, Volume 191, Issue 3, pp 239-246
Date: 06 Apr 2013

Microbiological Diagnosis and Antibiotic Therapy in Patients with Community-Acquired Pneumonia and Acute COPD Exacerbation in Daily Clinical Practice: Comparison to Current Guidelines

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The aim of this secondary analysis was to evaluate current microbiological approaches, microbiology, and antibiotic therapy in patients with community-acquired pneumonia (CAP) and acute exacerbation of chronic obstructive pulmonary disease (AECOPD) in clinical practice and to compare them with current international guidelines.


A total of 362 patients with suspected CAP were enrolled in 14 European centers in a prospective multicenter study.


A total of 279 inpatients (CAP, n = 222; AECOPD, n = 57) were evaluated. A total of 83 (37 %) CAP patients and 25 (44 %) AECOPD patients did not undergo any microbiological tests. In patients with CAP/AECOPD, blood culture was performed in 109 (49 %)/16 (28.1 %), urinary antigen tests for Legionella pneumophila in 67 (30 %)/9 (16 %), and sputum investigation in 55 (25 %)/17 (30 %), respectively. The most frequent pathogens in CAP were Streptococcus pneumoniae, Mycoplasma pneumoniae, Chlamydia pneumoniae, L. pneumophila, Staphylococcus aureus, and Enterobacter cloacae; in AECOPD they were Escherichia coli, Haemophilus haemolyticus, Haemophilus influenzae, and Moraxella catarrhalis. All CAP patients (mean = 11.1 days) and 35 (61.4 %) of AECOPD patients (mean = 8.9 days) received antibiotics. CAP patients were given mostly aminopenicillin with β-lactamase inhibitors and AECOPD patients were given mostly cephalosporins.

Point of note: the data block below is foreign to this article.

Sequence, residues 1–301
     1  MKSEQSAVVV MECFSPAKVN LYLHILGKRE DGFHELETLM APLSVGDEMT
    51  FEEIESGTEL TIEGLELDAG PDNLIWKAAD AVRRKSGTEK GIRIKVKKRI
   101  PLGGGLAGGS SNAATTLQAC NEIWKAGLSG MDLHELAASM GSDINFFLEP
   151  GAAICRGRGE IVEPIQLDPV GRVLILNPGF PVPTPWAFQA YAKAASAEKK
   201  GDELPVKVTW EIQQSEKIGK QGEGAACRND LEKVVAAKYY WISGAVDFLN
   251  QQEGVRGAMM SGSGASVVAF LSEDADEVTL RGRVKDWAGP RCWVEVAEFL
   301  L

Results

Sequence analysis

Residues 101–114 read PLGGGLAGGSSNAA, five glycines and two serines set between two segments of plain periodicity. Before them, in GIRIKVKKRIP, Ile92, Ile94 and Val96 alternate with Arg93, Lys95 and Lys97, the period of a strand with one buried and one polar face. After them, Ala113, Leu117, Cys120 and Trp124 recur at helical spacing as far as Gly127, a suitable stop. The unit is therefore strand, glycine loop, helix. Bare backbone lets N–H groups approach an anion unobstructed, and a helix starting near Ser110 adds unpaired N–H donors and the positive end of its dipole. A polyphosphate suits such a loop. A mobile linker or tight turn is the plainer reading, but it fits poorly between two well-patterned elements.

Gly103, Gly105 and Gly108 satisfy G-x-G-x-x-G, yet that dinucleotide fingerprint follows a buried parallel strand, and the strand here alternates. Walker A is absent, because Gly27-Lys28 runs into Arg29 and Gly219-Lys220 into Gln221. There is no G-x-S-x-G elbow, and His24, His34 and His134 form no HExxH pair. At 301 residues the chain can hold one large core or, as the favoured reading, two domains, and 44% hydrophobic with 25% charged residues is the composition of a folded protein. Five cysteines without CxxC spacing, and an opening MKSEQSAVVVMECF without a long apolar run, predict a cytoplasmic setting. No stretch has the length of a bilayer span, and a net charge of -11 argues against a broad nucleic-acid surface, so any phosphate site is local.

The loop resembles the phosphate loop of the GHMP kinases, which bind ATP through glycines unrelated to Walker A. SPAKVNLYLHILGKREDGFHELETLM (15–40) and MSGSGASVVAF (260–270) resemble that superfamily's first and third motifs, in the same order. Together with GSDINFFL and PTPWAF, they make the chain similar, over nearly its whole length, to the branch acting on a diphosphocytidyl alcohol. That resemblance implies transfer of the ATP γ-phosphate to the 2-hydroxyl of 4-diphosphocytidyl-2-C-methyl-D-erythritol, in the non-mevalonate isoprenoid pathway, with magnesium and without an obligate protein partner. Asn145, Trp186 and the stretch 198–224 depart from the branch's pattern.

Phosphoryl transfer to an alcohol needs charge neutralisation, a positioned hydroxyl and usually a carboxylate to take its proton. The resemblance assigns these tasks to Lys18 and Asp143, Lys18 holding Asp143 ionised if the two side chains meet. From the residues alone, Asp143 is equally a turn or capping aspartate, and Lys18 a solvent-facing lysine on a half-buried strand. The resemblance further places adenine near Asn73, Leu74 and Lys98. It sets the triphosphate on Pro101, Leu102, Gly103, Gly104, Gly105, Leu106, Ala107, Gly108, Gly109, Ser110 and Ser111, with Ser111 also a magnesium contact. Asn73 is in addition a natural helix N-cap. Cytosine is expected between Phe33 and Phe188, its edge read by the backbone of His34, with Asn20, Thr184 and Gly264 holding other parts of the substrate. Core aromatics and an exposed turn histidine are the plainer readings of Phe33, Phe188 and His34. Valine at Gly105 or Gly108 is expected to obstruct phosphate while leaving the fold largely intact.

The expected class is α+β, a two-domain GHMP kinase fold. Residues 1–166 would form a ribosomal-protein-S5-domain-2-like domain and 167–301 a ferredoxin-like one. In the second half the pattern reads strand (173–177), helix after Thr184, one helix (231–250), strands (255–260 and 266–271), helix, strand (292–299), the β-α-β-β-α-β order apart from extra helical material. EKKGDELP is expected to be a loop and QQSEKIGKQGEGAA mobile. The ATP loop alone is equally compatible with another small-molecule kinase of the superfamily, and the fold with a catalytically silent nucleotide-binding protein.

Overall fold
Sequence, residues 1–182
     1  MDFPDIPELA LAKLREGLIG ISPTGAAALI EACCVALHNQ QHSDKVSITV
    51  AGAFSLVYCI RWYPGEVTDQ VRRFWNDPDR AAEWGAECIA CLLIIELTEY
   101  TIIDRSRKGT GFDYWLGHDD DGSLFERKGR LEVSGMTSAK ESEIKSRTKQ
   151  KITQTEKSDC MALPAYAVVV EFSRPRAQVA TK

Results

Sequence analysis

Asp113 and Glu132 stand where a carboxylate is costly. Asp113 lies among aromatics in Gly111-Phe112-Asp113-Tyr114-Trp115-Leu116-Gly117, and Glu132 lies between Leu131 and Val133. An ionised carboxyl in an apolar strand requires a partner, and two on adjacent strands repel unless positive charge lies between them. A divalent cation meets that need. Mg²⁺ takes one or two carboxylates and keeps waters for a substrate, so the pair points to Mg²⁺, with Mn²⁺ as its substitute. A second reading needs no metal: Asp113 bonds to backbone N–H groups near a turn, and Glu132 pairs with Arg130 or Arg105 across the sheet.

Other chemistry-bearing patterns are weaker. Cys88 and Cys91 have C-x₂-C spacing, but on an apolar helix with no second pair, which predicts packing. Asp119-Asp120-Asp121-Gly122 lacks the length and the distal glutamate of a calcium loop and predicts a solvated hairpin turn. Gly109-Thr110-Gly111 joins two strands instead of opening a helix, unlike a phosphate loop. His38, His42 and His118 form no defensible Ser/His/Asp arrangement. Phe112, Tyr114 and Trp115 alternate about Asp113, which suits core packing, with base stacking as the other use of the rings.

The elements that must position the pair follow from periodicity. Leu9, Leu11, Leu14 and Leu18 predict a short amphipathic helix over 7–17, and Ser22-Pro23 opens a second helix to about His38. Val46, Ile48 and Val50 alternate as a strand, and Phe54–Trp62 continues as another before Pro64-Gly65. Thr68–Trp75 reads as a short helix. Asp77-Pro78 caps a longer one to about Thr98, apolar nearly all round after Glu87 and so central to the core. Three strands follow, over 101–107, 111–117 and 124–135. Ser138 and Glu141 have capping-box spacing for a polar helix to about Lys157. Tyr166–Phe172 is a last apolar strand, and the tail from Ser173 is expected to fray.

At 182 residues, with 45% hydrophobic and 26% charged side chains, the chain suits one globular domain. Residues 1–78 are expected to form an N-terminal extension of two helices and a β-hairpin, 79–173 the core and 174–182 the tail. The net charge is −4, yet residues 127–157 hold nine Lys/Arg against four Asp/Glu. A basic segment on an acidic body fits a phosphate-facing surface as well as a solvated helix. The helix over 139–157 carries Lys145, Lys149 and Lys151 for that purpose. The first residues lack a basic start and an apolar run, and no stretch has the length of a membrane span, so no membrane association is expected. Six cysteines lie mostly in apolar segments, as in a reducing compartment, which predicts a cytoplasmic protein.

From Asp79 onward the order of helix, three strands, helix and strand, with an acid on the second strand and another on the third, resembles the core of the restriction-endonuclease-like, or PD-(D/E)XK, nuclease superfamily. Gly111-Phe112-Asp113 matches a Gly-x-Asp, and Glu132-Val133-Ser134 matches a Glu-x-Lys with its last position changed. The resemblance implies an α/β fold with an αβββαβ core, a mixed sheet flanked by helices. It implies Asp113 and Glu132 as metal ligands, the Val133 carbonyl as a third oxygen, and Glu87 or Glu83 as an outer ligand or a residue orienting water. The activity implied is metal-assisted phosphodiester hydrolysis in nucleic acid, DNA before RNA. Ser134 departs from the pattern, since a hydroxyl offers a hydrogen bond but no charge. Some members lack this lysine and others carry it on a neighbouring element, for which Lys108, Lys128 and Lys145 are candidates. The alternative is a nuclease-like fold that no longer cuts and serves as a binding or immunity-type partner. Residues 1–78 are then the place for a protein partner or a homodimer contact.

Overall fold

Pathogens isolated in CAP and AECOPD and the antibiotic therapy used are in good accordance with the guidelines. Blood culture, recommended for all CAP patients, was performed in only 50 % of the cases and antibiotic therapy lasted longer than the suggested 5–7 days. Therefore, international guidelines regarding performance of blood culture and duration of antibiotic therapy should be adopted more often. This duration was independent of the number of isolated pathogens and number of symptoms on admission. Therefore, the question arises as to whether microbiological data are necessary only for patients who are resistant to initial therapy.